SPORTS
January 29, 1989 | Associated Press
Exit Mac O'Grady. Enter Henry P.P. Farnsworth. The maverick O'Grady, who achieved a certain notoriety in his celebrated feud with PGA Tour Commissioner Deane Beman, says he's on his last go-round on the PGA Tour. Mac will hang it up after this season. "It's time to turn the page on this career and get on to the next frontier," O'Grady said. He didn't make a cut from June until November of last year. He hasn't made a check this year. But he'll be leaving with a bang, not the whimper.
SPORTS
January 13, 1988 | BRIAN HEWITT, Times Staff Writer
They called a press conference for golfer Mac O'Grady Tuesday afternoon at La Costa Country Club and it almost turned into a seance. "At times you feel like you are on the Apollo spacecraft sitting in the Saturn 5 rocket with 5 million pounds of liquid nitrogen in your stomach," O'Grady said, among other things.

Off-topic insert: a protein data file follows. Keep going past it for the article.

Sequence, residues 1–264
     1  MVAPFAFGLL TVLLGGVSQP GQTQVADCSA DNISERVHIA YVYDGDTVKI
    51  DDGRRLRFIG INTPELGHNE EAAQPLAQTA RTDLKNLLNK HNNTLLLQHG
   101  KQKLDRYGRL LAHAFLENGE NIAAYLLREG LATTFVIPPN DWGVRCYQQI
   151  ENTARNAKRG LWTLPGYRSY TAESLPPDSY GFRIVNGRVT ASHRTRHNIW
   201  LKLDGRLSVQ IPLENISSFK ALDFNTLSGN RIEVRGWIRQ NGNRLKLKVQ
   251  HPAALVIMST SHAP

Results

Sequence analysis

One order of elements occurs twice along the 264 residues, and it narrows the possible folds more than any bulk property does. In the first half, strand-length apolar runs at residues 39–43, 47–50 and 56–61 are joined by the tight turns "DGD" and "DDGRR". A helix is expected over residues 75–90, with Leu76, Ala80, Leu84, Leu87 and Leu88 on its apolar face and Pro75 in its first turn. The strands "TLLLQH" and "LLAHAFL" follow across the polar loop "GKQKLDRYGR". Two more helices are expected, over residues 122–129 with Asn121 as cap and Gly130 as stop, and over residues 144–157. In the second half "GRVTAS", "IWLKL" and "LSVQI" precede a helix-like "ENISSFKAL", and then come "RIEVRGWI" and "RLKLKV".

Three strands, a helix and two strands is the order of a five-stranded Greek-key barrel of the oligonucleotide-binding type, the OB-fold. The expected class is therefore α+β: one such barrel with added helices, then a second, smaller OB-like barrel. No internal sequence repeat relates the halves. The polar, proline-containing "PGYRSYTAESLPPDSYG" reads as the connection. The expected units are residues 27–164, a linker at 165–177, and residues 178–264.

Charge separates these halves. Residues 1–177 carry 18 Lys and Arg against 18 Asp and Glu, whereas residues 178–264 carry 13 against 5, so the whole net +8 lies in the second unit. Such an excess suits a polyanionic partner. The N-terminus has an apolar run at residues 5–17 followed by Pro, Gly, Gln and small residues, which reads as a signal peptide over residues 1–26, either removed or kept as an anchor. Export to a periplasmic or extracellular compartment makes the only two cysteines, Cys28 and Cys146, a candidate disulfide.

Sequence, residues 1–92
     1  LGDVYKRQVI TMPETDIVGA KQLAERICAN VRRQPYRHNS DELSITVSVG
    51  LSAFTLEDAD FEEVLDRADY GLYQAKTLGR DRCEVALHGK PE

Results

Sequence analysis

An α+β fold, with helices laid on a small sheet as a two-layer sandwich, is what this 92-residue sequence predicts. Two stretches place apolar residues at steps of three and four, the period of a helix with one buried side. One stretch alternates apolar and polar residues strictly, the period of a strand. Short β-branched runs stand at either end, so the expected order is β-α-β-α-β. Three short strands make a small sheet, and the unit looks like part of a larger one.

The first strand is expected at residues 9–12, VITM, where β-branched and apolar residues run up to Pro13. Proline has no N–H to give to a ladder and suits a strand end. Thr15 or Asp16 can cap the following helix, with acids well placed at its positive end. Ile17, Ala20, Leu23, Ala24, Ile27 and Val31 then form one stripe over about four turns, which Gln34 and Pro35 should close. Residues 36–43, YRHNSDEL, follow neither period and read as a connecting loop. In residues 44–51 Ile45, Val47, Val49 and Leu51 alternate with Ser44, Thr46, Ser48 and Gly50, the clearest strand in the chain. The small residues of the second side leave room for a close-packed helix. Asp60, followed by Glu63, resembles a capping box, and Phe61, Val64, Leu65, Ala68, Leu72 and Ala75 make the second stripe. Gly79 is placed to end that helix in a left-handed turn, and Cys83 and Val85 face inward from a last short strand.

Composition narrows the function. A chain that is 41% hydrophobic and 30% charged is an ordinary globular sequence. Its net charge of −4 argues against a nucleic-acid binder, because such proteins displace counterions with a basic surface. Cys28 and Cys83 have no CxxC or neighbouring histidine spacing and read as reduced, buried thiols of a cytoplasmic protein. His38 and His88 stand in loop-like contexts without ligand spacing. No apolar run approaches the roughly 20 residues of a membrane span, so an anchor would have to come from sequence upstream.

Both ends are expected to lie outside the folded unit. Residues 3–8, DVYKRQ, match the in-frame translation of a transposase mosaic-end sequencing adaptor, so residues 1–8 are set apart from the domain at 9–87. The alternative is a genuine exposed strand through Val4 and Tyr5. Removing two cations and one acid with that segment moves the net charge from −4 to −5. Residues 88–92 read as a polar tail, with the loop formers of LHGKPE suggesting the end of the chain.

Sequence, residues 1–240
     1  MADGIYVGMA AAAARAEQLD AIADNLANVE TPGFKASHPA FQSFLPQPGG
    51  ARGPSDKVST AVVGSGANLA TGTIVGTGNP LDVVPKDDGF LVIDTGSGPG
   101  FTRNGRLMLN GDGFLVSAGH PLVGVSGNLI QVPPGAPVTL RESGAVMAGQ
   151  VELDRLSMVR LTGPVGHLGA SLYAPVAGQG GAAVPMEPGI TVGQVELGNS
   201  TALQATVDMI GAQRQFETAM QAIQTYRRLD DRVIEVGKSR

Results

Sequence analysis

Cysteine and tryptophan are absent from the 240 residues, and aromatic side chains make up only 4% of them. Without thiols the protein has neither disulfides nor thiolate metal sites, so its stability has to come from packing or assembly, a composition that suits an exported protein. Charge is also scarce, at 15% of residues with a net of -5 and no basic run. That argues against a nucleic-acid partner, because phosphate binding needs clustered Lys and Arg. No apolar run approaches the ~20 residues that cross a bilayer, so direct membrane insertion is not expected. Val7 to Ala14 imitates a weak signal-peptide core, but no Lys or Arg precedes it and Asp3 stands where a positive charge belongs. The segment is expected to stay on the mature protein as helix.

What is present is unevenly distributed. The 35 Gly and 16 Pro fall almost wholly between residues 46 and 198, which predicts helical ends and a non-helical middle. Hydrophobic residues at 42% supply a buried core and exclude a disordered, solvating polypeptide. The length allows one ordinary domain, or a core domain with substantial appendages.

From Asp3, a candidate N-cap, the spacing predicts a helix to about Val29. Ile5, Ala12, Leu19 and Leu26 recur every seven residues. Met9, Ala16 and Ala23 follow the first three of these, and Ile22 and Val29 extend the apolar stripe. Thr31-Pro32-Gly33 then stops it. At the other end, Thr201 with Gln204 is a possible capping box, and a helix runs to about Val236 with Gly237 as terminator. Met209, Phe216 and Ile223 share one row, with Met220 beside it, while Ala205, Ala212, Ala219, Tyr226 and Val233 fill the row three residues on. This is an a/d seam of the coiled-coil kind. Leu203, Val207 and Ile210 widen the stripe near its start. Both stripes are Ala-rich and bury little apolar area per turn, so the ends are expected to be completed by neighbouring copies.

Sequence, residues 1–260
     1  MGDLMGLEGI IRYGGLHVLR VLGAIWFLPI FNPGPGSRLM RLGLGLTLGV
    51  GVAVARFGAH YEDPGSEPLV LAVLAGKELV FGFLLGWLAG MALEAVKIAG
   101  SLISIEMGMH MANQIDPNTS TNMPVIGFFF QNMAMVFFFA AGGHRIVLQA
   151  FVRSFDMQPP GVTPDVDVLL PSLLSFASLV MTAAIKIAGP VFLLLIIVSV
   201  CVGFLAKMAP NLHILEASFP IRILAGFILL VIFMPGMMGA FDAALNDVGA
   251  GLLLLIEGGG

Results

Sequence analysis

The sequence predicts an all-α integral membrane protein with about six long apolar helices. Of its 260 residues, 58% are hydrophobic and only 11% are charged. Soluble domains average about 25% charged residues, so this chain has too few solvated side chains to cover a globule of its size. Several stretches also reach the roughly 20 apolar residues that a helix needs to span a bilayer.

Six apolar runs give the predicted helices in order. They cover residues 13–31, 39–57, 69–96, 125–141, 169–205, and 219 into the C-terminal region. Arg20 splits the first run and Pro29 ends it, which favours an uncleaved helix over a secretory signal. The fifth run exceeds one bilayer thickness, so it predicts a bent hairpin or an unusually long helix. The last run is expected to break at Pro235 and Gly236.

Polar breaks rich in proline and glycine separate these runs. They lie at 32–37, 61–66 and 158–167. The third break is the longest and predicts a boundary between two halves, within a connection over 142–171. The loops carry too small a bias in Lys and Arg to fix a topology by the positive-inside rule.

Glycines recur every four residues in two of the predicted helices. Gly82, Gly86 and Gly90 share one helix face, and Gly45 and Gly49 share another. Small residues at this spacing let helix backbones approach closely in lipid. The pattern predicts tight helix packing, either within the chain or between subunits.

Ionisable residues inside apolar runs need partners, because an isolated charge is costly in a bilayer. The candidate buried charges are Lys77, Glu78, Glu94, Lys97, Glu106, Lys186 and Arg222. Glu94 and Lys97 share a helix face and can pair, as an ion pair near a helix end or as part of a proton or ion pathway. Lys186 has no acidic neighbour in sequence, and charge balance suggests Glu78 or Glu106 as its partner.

SPORTS
April 5, 1986
Mac O'Grady's outspoken criticism of Deane Beman and his policies in no way merits an exorbitant fine and up to 12 weeks suspension. Did he ever hear of the First Amendment? I have the right to criticize Beman and vice versa. Because of that criticism, does he have the right to fine me? But, he says he has the power to fine and suspend O'Grady. If he does, then Deane Beman is a czar and should be penalized for bad judgment. W.J. SHAFFNER Encino
SPORTS
March 1, 1986
I have done two things quite recently which are completely out of character. One is writing this letter and the other is going out to the Los Angeles Open golf tournament and rooting against someone. After reading the quote attributed to Mac O'Grady that Riviera was like a "cheap public course" I cannot keep silent. As a weekend duffer who has to play those "cheap public courses," I think Mr. O'Grady owes the 200,000 persons who hit the links every weekend in Southern California an apology.